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The 21st Century

Hacktreks Travel

Hacktreks 2

First Chapters
Lifestyles 1
Lifestyles 2

The International Writers Magazine
FIRST CHAPTERS- Writers with novels in progress

Going West
M. Blake’re going west. But you don’t know where exactly, right?

Carson had caught a long ride through eastern Connecticut and was dropped off of I-95 at a Bronx exit. From the side of the highway he walked to a busy street full of stores and markets, one right after the other. He saw dark skinned men, with jet-black hair and mustaches, standing outside the stores, talking rapidly, concerned with business, in a language he didn’t know.
Carson wasn’t interested in what was being said as he passed by with his small shopping bag full of clothes. It was hot out and he was sweating again. He wanted a cold quart of beer to drink in some shady place near the highway.
And he found both within half an hour, sitting beneath some scrawny trees, amidst a bunch of strewn litter on a weed-covered slope, watching the rapid, steady traffic. Well, he had gotten away from home, finally, he thought.

There was something to say for this day. Carson had put his departure date off for weeks, earning as much money as he could working in his brother’s law office. It was by no means a difficult job (answering the phone, filing information on the computer) yet it lacked excitement. Carson stuck with it through the winter, but once the warm weather came he thought of the road.
His family didn’t want him to leave of course (he had done it a number of times in the past) but a feeling too strong to resist urged him on. He respected their concern, but Carson knew better than to let it get him down. There was some fun and adventure to be had along with the risk he took in getting it. He wanted to shed, like a dead skin, whatever gloominess still hung on him from the long winter. Later that day, a truck driver opened his passenger door and yelled for him to get in. The truck had been at a stop anyway in the bumper-to-bumper traffic leaving the city. Carson had been walking with the slowly moving traffic for a mile or so, his thumb out, smiling with a drink glow on his face. He made a point of not staring at anybody in particular, so close was he to the passing windows. He laughed as he imagined what people were saying about him: this skinny little character hustling along a busy highway, with apparent good cheer, in t-shirt and shorts, and carrying a plastic covered bundle under arm.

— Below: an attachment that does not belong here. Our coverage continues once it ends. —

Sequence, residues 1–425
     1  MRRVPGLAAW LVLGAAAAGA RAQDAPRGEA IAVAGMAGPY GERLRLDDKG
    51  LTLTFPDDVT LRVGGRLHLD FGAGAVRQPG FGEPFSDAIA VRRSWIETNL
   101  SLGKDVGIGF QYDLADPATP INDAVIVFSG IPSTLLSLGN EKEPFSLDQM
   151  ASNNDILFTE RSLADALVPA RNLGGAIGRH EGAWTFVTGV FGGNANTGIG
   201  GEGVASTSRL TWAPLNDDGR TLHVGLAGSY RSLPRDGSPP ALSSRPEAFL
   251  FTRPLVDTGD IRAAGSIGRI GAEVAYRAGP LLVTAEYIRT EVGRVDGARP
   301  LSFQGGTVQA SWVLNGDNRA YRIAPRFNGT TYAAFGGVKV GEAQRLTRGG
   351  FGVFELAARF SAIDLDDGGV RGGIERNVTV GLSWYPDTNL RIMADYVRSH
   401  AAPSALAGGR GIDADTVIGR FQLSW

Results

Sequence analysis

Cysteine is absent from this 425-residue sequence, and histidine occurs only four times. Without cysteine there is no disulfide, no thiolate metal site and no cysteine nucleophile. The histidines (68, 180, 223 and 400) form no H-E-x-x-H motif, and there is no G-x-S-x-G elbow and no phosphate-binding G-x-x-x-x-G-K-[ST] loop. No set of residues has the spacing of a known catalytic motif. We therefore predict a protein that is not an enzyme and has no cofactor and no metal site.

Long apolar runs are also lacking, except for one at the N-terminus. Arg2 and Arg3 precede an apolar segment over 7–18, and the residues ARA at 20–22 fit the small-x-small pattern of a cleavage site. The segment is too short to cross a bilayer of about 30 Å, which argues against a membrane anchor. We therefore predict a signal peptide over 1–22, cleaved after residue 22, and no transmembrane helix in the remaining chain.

“Damn, man, what are you doing out here?” the driver asked, shaking his head and looking in his side mirror. He was a lean looking guy in a muscle shirt, with closely cropped hair and a face that looked to be stretched tight over his angular cheekbones (a small scar visible on one side). His wide, unblinking brown eyes regarded Carson seriously, and Carson turned his away, letting most of the smile go. He had to pull himself together now that he was in a vehicle.
“Just heading west,” he said, with a shrug of his shoulders.
“Man, I couldn’t go by you. I saw you walking and I thought: no, you’ve been there yourself. This guy could be out here for hours.”
“I was thinking that myself,” Carson said, smiling again in way that looked carefree, he hoped.
“And you’re going west. But you don’t know where exactly, right?” The driver smiled a little for the first time.
Carson liked his first impression of those eyes - namely, that they weren’t mean looking.
“Houston? What’s in Houston?”
“A girlfriend of mine. She hasn’t been feeling too good, so I thought I’d pay her a visit.” The driver nodded his head. The truck - a delivery vehicle of some kind - was moving slowly but surely, Carson noticed.
“You plan on staying there?”
“For a little while anyway. Maybe get some work.”
“What kind of work do you do?” Carson expected that; it was what he considered one of the standard questions put to him when he hitchhiked. The subject of employment was always something, uncontroversial and non-threatening, that he could touch on when he was too tired to be more imaginative. It suggested a positive attitude on his part, one that suggested to the driver (he hoped) that Carson wasn’t just a deadbeat drifting aimlessly about the country (something that Carson had indeed felt about himself from time to time).
“Whatever I can pick up quick. Day labor. Kitchen work.Yard work.”
“So you’re not interested in steady work?”
“Well, it depends what comes along. I’m not looking for a career though.”
“You know, I’m not trying to pry, but ..” Another glance in the side mirror. The guy’s lean build and constant nervous gestures (glances everywhere, fingers drumming on the wheel, scratching his head) had Carson wondering if the guy was a speed user. “How long you been doing this?”